Significantly, many corporations that are developing interactive Web applications are choosing Java over ActiveX. This limited industy support, combined with Microsoft's own embracing of Java technology, make ActiveX's future uncertain at best.
We couldn't find any ActiveX games that would run on any of our systems. Hopefully, ActiveX will be fully supported on more platforms soon.
Sun, in the Java white paper, describes Java as a "simple, object-oriented, distributed, interpreted, robust, secure, architecture-neutral, portable, high-performance, multi-threaded, and dynamic programming language." It began as an attempt to create a programming language, then called Oak, that could run on any of the numerous different platforms within the company. With the explosive growth of the World Wide Web, its developers realized that the cross-platform language would be ideal for Web applications.
Java is a compiled language, based on platform-independent byte codes, executed on the Java Virtual Machine. This increases its performance in terms of speed.
Its biggest advantage is that it can be run on both Netscape Navigator and MSIE, on any platform for which there exists a Java Development Kit. This includes Windows 95 and NT, Macintosh OS, and most major UNIX window systems. It does not currently include Windows 3.1, but Netscape has already pledged to support it in Navigator once a 3.1 JDK is released.
As for the Java Virtual Machines themselves, their most important feature is how seamlessly they fit into their respective operating systems. Specifically, the Java Abstract Windowing Toolkit allows for simple use of otherwise complicated OS components such as dialog boxes, windows, scroll bars, and so forth.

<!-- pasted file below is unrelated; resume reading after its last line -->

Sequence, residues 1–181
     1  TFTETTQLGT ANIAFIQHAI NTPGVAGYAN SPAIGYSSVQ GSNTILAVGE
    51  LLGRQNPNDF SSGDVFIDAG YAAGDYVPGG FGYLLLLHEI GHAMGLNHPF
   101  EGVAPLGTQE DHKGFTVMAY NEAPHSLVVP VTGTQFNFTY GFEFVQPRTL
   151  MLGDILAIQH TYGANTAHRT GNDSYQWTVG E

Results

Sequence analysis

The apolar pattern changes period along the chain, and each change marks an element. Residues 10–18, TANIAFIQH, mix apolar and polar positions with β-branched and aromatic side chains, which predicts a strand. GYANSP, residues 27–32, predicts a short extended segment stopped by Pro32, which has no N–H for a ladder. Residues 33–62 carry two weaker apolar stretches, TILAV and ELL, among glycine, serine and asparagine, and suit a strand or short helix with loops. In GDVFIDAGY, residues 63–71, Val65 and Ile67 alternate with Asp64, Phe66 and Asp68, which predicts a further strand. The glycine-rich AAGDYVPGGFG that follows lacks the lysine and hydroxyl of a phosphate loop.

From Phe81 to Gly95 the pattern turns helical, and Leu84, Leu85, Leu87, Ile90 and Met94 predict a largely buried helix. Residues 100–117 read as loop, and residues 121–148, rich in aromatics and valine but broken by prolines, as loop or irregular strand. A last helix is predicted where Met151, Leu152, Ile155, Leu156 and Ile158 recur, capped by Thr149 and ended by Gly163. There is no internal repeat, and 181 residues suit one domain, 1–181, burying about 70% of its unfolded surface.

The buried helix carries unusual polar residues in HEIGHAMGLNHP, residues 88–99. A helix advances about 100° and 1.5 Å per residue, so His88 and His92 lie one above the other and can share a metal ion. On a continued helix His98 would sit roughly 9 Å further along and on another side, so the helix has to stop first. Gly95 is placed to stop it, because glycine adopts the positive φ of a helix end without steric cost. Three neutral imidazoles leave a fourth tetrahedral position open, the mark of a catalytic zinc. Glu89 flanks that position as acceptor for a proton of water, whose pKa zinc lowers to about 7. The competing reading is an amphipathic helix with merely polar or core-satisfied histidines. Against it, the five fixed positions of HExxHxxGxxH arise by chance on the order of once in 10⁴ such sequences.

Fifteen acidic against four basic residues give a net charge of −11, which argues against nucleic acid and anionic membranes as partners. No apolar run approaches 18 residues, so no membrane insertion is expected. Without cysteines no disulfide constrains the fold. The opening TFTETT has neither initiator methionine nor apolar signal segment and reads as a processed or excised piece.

In sharp contrast to the lack of industry support enjoyed by ActiveX, Java has been embraced by most major computer corporations, as well as some electronics manufacturers, as an excellent starting point for all sorts of network applications.
It has been said that Java is essentially C++ with the object-oriented components "done right". Its close similarity to this language allows it to be learned with a minimum of effort by a maximum number of programmers who already know C++, an industry standard. Furthermore, there are uncountable C++ classes than could be simply converted into Java code.
Java includes in its design automatic garbage collection, dynamic variable declaration, and a complete lack of pointers. These by themselves eliminate the cause of the most common and insidious errors in C++, saving time and providing greater reliability.
Java, as stated before, doesn't run on Windows 3.1. This is just one operating system, yet it is still the one run by the majority of users.
The browsers themselves, in fact, have needed more memory as the Java Virtual Machine has been incorporated right into the application.
One sample game is called Gridlock and can be found on Riddler ( http://www.riddler.com/ ), a site featuring many professional-level Java games. The nice graphics, sophisticated user interface, quick response time, and head-to-head capability are representative of most Java games we tested, and showcase many of the language's capabilities.
After long research of games already written for the Web, our initial impression was that most of the best games tested had been written in Java. To explain the reasons for this, we will revisit our application specifications and evaluate each language's strengths and weaknesses.
Java games look good, run well, and there are a lot of them out there. In this case at least, it appears that the standard the industry is adopting is in fact the best choice.